We get asked a lot of questions that are subjective, and hard or even unethical to answer.
Y do you cost more than Sally’s Upholstery shop or a national chain?
First of all, it is unethical to badmouth other businesses. BUT, if we were to answer (and there is no Sally’s) it is because we’ve taken the time to learn how to repair an antique properly, to assist in keeping its value and integrity. 35 years of paying attention on all our jobs, 35 years of reading, 35 years of classes and working alongside other conscientious professionals. Anyone can staple gun fabric over an existing cover without cleaning the stained fabric and cotton off first and not tell you (but then there is that musty smell coming from the newly upholstered sofa . . . ) Anyone can push some foam into a cushion and call it sitting pretty (until the foam collapses.) It is pretty easy to slap some Gorilla glue on a broken leg and call it done (except that it will look like a broken leg and the next time a 200 lb man sits in it wrong it may break again.) And that polyurethane varnish that says it will cover everything will ruin the value of that nice family heirloom. And in our experience, many national chains are pushing products, not skills, and many of the employees have no in-depth training (a crash course!)
Y can’t you tell me what my piece is worth so I know whether to spend the money or not?
It is unethical. So I want to make a fortune, unethically (and we do not) I tell you that 90-year old chest of drawers your picked up is a real find, a rare 200-year old piece worth $15,000 when it is in good condition, and so my bill for $3500 sounds good. We are not appraisers, though we can authenticate the age of the piece, which can help you obtain a good appraisal.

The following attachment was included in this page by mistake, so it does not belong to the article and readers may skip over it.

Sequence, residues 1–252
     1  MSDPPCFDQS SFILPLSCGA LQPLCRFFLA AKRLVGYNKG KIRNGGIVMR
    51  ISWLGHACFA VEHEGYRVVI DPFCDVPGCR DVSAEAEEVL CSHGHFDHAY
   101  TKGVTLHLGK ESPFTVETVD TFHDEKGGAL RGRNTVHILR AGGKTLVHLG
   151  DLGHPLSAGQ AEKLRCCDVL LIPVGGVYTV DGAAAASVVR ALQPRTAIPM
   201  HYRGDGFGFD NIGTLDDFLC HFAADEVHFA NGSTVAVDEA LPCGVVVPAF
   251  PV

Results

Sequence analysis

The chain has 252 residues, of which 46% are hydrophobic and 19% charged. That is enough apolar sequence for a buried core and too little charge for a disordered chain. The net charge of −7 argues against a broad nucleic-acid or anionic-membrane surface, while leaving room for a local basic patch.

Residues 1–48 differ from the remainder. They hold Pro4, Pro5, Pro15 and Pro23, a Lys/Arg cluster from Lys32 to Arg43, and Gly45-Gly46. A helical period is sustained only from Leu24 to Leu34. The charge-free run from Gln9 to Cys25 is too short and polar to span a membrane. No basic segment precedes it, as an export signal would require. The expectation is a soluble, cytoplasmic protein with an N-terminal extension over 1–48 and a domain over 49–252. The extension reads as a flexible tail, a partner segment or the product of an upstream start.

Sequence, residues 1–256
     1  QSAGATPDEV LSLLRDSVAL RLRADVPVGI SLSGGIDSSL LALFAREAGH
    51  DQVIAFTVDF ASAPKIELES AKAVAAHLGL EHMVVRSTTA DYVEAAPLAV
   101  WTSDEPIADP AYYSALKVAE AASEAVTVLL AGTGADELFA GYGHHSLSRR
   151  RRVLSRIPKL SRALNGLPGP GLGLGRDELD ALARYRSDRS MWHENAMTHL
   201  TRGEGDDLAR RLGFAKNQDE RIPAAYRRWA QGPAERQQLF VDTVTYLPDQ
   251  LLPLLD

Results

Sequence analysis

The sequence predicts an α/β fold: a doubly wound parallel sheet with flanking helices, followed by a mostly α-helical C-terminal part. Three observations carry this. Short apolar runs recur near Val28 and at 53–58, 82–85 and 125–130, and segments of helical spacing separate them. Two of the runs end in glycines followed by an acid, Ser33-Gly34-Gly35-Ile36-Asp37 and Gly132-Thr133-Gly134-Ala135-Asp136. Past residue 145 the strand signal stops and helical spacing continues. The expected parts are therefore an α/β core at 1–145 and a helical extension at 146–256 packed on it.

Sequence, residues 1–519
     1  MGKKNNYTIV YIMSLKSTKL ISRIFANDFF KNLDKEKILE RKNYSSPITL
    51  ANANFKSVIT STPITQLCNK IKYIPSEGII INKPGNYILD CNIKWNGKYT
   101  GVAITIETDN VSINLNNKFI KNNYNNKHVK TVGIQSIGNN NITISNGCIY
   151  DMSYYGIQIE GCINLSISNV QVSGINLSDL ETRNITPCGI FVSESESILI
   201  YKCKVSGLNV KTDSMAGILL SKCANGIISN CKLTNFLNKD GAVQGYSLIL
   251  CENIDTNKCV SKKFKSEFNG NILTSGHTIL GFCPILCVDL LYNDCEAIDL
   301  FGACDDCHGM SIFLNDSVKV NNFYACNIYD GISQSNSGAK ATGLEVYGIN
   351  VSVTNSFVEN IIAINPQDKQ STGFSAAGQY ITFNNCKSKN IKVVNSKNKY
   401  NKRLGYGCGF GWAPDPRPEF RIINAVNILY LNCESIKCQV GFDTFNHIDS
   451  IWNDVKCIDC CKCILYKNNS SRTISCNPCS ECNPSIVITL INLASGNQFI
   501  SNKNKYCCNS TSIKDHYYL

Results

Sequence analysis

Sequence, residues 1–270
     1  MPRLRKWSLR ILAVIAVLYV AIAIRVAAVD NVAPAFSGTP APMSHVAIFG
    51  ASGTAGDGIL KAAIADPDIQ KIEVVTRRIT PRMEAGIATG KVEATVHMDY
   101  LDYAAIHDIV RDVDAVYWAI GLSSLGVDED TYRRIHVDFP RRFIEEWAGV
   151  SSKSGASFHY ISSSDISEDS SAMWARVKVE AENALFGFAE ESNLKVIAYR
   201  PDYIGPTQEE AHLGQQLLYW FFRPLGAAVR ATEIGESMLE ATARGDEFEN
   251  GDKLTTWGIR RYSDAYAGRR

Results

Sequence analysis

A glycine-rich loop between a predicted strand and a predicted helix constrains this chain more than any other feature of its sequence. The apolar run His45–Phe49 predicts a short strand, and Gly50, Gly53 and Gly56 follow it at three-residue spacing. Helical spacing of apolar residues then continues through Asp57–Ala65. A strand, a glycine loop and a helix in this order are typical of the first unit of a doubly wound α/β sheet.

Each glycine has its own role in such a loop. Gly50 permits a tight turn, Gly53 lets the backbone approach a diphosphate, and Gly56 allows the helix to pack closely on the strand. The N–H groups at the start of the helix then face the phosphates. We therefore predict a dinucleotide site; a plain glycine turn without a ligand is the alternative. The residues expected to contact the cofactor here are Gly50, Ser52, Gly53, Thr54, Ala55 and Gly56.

Y is it important to keep the original finish?
Historic value = monetary value if the original finish is in good condition. Good condition is not mint condition, but can be repaired — that is, rubbed out, cleaned, and infilled with historically accurate and compatible materials, not new products.
Y is it important to preserve the original stuffings?
Upholstered pieces were designed to sit according to the shape and the times in which they were born. Proper stuffings made their frames comfortable, made them sit “right.” Older stuffings and the upholsterers who knew how to engineer a good sit knew the way the human body sits and squirms and fidgets, and built the seats to withstand that movement and last. Hair edgerolls, springs tied properly, pods built properly and properly lashed, and muslin undercoverings to secure them. Spring-filled cushions and backs, biscuit-filled tufting, and hair-filled interior arms. Not foam and Dacron, unless it is appropriate in a modern chair! AND, they won’t collapse (last another century) and will feel great longer AND your expensive showcover (fabric) will not wear prematurely.
(*Gads if there is anything you take away from a-to-z is don’t toss a spring-filled cushion.)
Y can’t I DIY?
You can. But you get what you pay for if you don’t have the skills!
Finally, PLEASE don’t listen to the eHow and other four-paragraph-with-pictures
ways to DIY. I know for a fact they do not know what they are talking about,
as they quoted us while giving advice on cleaning antique fabrics, and we never said it, don’t endorse what they said, and unless I had deep pockets and wanted to sue them,
can’t get them to TAKE IT DOWN. The writers get $7-20 for formula articles
(I went undercover to find out) and don’t even get to write in the filed they KNOW.
So take your pieces to a professional, take a class, read a whole book! Yikes!
©MPF Conservation. May be printed for your own use.
May be reposted if our url +copyright is used as reference.
Thanks to Wikipedia, the Metropolitan Museum of Art,
and the Victoria and Albert Museum for images as noted.